Inkjet printing is a versatile method to apply surface modification procedures in a spatially controlled, cost-effective and mass-fabrication compatible manner. Utilizing this technology, we investigate two different approaches for functionalizing label-free optical waveguide based biosensors: a) surface modification with amine-based functional polymers (biotin-modified polyethylenimine (PEI-B)) employing active ester chemistry and b) modification with dextran based hydrogel thin films employing photoactive benzophenone crosslinker moieties. Whereas the modification with PEI-B ensures high receptor density at the surface, the hydrogel films can serve both as a voluminous matrix binding matrix and as a semipermeable separation layer between the sensor surface and the sample. We use the two surface modification strategies both individually and in combination for binding studies towards the detection of the protein inflammation biomarker, C-reactive protein (CRP). For the specific detection of CRP, we compare two kinds of capture molecules, namely biotinylated antibodies and biotinylated CRP-specific DNA based aptamers. Both kinds of capture molecules were immobilized on the PEI-B by means of streptavidin-biotin affinity binding. As transducer, we use an integrated four-channel silicon nitride (Si3N4) waveguide based Mach-Zehnder interferometric (MZI) photonic sensing platform operating at a wavelength of 850nm (TM-mode).
Label-free optical schemes for molecular biosensing hold a strong promise for point-of-care applications in medical research and diagnostics. Apart from diagnostic requirements in terms of sensitivity, specificity, and multiplexing capability, also other aspects such as ease of use and manufacturability have to be considered in order to pave the way to a practical implementation. We present integrated optical waveguide as well as magnetic nanoparticle based molecular biosensor concepts that address these aspects. The integrated optical waveguide devices are based on low-loss photonic wires made of silicon nitride deposited by a CMOS compatible plasma-enhanced chemical vapor deposition (PECVD) process that allows for backend integration of waveguides on optoelectronic CMOS chips. The molecular detection principle relies on evanescent wave sensing in the 0.85 μm wavelength regime by means of Mach-Zehnder interferometers, which enables on-chip integration of silicon photodiodes and, thus, the realization of system-on-chip solutions. Our nanoparticle-based approach is based on optical observation of the dynamic response of functionalized magneticcore/ noble-metal-shell nanorods (‘nanoprobes’) to an externally applied time-varying magnetic field. As target molecules specifically bind to the surface of the nanoprobes, the observed dynamics of the nanoprobes changes, and the concentration of target molecules in the sample solution can be quantified. This approach is suitable for dynamic real-time measurements and only requires minimal sample preparation, thus presenting a highly promising point-of-care diagnostic system. In this paper, we present a prototype of a diagnostic device suitable for highly automated sample analysis by our nanoparticle-based approach.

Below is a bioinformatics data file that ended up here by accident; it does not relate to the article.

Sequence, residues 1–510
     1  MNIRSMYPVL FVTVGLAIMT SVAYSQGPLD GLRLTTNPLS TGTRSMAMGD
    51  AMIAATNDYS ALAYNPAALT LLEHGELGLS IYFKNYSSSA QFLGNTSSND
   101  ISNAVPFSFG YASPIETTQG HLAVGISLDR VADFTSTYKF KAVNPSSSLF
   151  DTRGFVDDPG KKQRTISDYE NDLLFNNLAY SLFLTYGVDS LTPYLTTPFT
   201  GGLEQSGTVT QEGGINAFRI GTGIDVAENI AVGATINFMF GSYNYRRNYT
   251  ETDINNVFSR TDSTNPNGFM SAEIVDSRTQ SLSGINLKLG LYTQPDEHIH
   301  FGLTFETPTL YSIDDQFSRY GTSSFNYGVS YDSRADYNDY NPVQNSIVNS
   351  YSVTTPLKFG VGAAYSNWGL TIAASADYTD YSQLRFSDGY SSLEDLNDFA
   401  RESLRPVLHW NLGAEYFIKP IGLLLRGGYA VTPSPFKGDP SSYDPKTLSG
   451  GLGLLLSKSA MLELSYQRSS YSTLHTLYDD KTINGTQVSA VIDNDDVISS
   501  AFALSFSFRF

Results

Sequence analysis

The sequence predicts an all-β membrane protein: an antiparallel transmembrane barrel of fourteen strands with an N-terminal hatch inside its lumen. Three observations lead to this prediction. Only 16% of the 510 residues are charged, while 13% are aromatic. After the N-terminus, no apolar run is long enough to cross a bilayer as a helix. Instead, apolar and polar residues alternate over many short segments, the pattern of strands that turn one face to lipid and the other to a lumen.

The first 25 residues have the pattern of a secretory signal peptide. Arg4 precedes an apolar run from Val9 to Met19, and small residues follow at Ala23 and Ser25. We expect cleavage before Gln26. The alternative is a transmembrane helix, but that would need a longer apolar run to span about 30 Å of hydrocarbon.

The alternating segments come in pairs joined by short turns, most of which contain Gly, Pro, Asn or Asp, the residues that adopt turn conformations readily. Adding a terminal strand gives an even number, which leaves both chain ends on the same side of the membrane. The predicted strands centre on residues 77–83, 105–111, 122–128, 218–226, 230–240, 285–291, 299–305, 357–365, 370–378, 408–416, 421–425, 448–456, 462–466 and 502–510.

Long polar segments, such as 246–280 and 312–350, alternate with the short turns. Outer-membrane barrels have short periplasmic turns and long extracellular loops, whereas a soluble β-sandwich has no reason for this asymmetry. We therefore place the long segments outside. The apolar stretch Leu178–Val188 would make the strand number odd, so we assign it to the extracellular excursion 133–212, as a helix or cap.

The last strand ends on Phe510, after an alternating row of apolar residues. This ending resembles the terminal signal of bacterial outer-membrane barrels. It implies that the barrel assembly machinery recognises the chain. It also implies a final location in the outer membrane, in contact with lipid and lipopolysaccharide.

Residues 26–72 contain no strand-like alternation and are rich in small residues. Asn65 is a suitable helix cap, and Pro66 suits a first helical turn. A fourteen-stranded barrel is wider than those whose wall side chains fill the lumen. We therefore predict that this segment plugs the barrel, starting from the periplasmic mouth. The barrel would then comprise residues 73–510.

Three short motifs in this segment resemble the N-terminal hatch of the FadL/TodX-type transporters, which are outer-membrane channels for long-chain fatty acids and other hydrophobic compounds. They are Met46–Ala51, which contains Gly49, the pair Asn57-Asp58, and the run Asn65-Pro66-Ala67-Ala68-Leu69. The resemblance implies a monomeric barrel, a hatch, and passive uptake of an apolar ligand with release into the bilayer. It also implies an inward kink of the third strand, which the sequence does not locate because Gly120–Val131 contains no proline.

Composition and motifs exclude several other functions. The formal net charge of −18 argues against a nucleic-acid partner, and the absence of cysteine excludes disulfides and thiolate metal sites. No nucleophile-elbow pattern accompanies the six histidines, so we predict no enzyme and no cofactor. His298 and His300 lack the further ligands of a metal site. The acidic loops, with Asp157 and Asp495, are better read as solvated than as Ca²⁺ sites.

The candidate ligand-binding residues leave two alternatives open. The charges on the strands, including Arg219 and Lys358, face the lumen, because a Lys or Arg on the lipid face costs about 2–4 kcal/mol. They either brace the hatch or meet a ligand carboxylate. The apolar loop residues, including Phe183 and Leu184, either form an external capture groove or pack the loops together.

We present our developments on integrated optical waveguide based as well as on magnetic nanoparticle based label-free
biosensor concepts. With respect to integrated optical waveguide devices, evanescent wave sensing by means of Mach-
Zehnder interferometers are used as biosensing components. We describe three different approaches: a) silicon photonic
wire waveguides enabling on-chip wavelength division multiplexing, b) utilization of slow light in silicon photonic
crystal defect waveguides operated in the 1.3 μm wavelength regime, and c) silicon nitride photonics wire waveguide
devices compatible with on-chip photodiode integration operated in the 0.85 μm wavelength regime. The nanoparticle
based approach relies on a plasmon-optical detection of the hydrodynamic properties of magnetic-core/gold-shell
nanorods immersed in the sample solution. The hybrid nanorods are rotated within an externally applied magnetic field
and their rotation optically monitored. When target molecules bind to the surfaces of the nanorods their hydrodynamic
volumes increase, which directly translates into a change of the optical signal. This approach possesses the potential to
enable real-time measurements with only minimal sample preparation requirements, thus presenting a promising point-of-
care diagnostic system.